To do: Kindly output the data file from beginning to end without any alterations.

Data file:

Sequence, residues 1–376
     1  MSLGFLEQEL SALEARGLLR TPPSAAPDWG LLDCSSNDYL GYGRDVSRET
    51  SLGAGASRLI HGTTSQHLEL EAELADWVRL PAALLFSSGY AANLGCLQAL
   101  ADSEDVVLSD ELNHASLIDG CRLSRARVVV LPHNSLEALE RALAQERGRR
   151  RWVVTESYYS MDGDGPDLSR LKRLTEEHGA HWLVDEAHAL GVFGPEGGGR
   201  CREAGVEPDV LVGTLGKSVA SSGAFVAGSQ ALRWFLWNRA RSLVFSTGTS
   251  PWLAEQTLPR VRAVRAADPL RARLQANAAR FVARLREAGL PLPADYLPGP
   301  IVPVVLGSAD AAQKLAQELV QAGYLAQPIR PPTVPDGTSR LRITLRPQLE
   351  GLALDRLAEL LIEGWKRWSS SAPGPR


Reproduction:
Sequence, residues 1–376
     1  MSLGFLEQEL SALEARGLLR TPPSAAPDWG LLDCSSNDYL GYGRDVSRET
    51  SLGAGASRLI HGTTSQHLEL EAELADWVRL PAALLFSSGY AANLGCLQAL
   101  ADSEDVVLSD ELNHASLIDG CRLSRARVVV LPHNSLEALE RALAQERGRR
   151  RWVVTESYYS MDGDGPDLSR LKRLTEEHGA HWLVDEAHAL GVFGPEGGGR
   201  CREAGVEPDV LVGTLGKSVA SSGAFVAGSQ ALRWFLWNRA RSLVFSTGTS
   251  PWLAEQTLPR VRAVRAADPL RARLQANAAR FVARLREAGL PLPADYLPGP
   301  IVPVVLGSAD AAQKLAQELV QAGYLAQPIR PPTVPDGTSR LRITLRPQLE
   351  GLALDRLAEL LIEGWKRWSS SAPGPR